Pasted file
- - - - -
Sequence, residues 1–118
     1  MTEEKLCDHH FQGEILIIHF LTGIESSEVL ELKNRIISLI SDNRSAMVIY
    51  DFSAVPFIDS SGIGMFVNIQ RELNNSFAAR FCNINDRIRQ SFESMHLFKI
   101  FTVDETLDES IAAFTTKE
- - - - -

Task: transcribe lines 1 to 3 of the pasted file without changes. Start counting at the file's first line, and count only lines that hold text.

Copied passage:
Sequence, residues 1–118
     1  MTEEKLCDHH FQGEILIIHF LTGIESSEVL ELKNRIISLI SDNRSAMVIY
    51  DFSAVPFIDS SGIGMFVNIQ RELNNSFAAR FCNINDRIRQ SFESMHLFKI